Last Updated: 24/09/2020

Brazil’s economy has officially entered a recession following the impact of the coronavirus pandemic, which has killed 136,000 Brazilians and pushed millions into unemployment. At least four potential vaccines, produced by Western and Chinese firms, are already in trials or will be soon.

While Compassion activities are on hold, local partners are making every effort to provide for the basic needs of beneficiaries, including the delivery of 232,489 food baskets and 179,422 hygiene kits. Additionally, they have provided medical support to 8,948 people. Partner churches are maintaining phone contact with families and providing Bible stories, video lessons and prayers, as well as care for those struggling mentally and emotionally. Some churches have been able to hold small youth group gatherings and worship services with fewer than 30 people attending.

A Message From Compassion Brazil’s National Director

Hear from Vanessa Viotti, National Director of Compassion Brazil, as she shares an update on how COVID-19 is affecting Compassion’s ministry in Brazil.

Updated: 20/08/2020

How is Compassion Currently Operating in Brazil?

Below, you will find the latest information on how Compassion is currently operating in Brazil, including status updates on center openings, letter delivery and gift delivery. This is the most current information we have, though it can change quickly. Please know that even if centers are closed and letters and gifts are not being delivered, your child and his or her family are being checked in on regularly by staff. We all look forward to the day we will all be able to gather together again!

Are Compassion Centers Open?

Currently, all centers in Brazil are closed in order to abide by local guidelines. Staff members are working to create virtual programming activity, including videos and livestreams. They continue to call and check in on families, and in some communities they are able to visit children while obeying social distancing guidelines. Because of the generous support of sponsors and donors, they have been able to distribute 232,489 food baskets and 179,422 hygiene kits to children and their families!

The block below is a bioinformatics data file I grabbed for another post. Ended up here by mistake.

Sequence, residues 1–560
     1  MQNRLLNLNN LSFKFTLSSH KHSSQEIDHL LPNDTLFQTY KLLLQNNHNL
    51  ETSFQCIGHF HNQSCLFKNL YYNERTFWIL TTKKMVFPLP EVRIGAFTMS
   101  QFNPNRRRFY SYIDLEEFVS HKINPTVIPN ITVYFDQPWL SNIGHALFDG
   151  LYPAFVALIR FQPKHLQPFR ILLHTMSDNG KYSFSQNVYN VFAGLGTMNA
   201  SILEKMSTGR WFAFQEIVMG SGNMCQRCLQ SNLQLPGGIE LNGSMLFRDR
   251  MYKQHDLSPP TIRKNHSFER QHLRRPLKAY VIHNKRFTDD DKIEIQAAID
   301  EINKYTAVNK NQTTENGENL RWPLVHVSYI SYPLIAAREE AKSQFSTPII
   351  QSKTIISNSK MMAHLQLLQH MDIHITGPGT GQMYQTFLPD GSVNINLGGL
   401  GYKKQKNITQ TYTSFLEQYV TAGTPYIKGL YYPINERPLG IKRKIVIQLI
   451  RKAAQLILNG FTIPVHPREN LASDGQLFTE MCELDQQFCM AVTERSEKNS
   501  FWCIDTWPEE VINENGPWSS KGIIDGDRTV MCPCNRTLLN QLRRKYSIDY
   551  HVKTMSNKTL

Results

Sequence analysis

Are Children Receiving Letters?

The majority of letters are delayed in Brazil, which means it may take longer for you to receive letters from your child. But that doesn’t mean you shouldn’t write! We encourage you to continue sending your sponsored child letters of encouragement and hope. What a joyful day it will be when those letters are delivered!

Are Gifts Being Delivered?

Gifts continue to be distributed in Brazil, although they are currently delayed. In some communities, staff members have needed to disburse monetary gifts to an appropriate, verified caregiver. This applies to family gifts and child gifts (including birthday and final gifts). Families may spend the gift on whatever they consider most important to meet family needs. The caregiver will be notified whether a gift has been designated as a child gift or family gift. The caregiver will decide the best use of the money, recognizing that sometimes purchasing food or paying rent is in the best interest of a child.

Story From the Field

In mid-May, José started to feel pain in his lower belly, and his parents took him to the neighborhood health center. Due to the peak of the pandemic in Brazil, hospitals had prioritized treating patients with suspected COVID-19. The 13-year-old boy was given pain medication and sent home. However, his pain became even stronger.

Desperate to help their son, José's parents were informed that the Happy Child Project Child Development Center, which José has attended since he was 6, had a doctor available for children's medical evaluations.

“José was getting purple lips and was in a lot of pain. I didn't know what to do, and my heart was desperate. If we hadn't seen the project doctor, I don't know how long my son would be able to wait for medical assistance or an ambulance,” says Tatiana, José's mother.

When Dr. Claudia examined José, she diagnosed him with appendicitis. She contacted the city hospital to prepare them for his arrival, and the center covered the teenager's transportation costs.

After surgery, José had to spend a few days in the hospital under medical observation for his complete recovery. Back at home, the Dr. Claudia and volunteers from the center continue to support the family and monitor José’s recovery.

“My father is out of a job because of the pandemic, so everything has become more difficult. However, my sponsor sent me a gift to buy food, and that helped us,” says José. “The center is helping my family a lot at this tough time for us. I am very grateful to them for not having left me alone or ignored my pain even in the pandemic.”

How can I pray for Brazil?

Pray for the Indigenous communities in Brazil, as they have been hit especially hard by the pandemic. Pray that they will have access to testing, medication and supplies.

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